“We try to help them figure out ‘how do we prevent this from being a problem next month,’” Geisenheimer explained.

With the Emergency Cold Weather Shelter program, staff will be on call 24 hours a day.

When the temperature drops below a certain level, displaced individuals are taken to safe shelters, whether a gymnasium or a hotel room.

To support its efforts, several grants are given from the U.S. Department of Housing and Urban Development, and the Florida Department of Children and Families.

However, most of the agency’s funding comes from community donations, like businesses, churches or individuals, the director said.

Although Geisenheimer has seen various demographics seek help, she said she’s most surprised by the amount of elderly people who are homeless.

She recalled once helping a wheelchair-bound woman in her 80s make the transition from the woods to being placed in an assisted living facility.

That too, is what staff will do once closing up the office – street outreach. The agency sets out to find those in the woods or in abandoned buildings.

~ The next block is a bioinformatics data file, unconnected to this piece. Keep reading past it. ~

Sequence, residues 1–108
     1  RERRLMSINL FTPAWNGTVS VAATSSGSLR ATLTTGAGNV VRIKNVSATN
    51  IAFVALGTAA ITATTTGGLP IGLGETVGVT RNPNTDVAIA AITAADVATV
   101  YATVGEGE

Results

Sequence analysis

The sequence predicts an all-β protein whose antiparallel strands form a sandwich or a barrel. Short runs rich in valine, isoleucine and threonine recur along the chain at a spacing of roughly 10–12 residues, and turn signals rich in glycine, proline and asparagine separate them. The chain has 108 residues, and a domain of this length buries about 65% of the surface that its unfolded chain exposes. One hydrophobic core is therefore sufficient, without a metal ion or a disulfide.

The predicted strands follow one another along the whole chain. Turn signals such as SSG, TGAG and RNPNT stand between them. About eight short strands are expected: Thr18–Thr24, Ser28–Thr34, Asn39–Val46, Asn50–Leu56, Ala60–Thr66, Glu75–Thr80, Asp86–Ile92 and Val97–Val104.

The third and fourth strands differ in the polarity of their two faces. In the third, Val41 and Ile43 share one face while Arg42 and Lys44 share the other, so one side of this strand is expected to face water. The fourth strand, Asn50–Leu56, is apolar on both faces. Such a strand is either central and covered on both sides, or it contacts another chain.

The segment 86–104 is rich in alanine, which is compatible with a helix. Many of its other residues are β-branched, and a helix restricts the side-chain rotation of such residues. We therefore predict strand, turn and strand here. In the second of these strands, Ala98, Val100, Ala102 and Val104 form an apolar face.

And, while they offer assistance to get people off the street, they will help set up tents for those not quite ready to leave the outdoors.

This is understandable to staff that volunteer, as they were, at one point, in the position as those they serve.

Geisenheimer, herself, was struggling years ago to find a stable home when she was pregnant.

She stated that staff members offer others not sympathy but empathy, noting:

“They know when they walk through the door, that they’re not being judged.”

What’s more, the agency does not operate in a plaza or off a main road, but within a residential area.

Its office is a renovated, two-bedroom house, which adds to a welcoming atmosphere, the director said.

She said that those who are displaced should remain hopeful that their situation is temporary.

And, by stepping through the front door of the office, that hope can become a reality.

For additional information or help, call (813) 810-8670, or visit Facebook.com/SamaritanProjectZephyrhills.

Published May 29, 2019